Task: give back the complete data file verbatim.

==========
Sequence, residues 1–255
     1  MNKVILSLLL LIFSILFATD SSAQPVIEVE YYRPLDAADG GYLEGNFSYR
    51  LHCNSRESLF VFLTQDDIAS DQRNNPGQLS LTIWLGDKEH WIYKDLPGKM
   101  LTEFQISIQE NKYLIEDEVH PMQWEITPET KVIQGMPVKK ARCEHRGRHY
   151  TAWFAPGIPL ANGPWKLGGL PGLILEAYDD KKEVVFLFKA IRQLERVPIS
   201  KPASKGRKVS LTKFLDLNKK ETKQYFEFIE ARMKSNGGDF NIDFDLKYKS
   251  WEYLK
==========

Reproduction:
Sequence, residues 1–255
     1  MNKVILSLLL LIFSILFATD SSAQPVIEVE YYRPLDAADG GYLEGNFSYR
    51  LHCNSRESLF VFLTQDDIAS DQRNNPGQLS LTIWLGDKEH WIYKDLPGKM
   101  LTEFQISIQE NKYLIEDEVH PMQWEITPET KVIQGMPVKK ARCEHRGRHY
   151  TAWFAPGIPL ANGPWKLGGL PGLILEAYDD KKEVVFLFKA IRQLERVPIS
   201  KPASKGRKVS LTKFLDLNKK ETKQYFEFIE ARMKSNGGDF NIDFDLKYKS
   251  WEYLK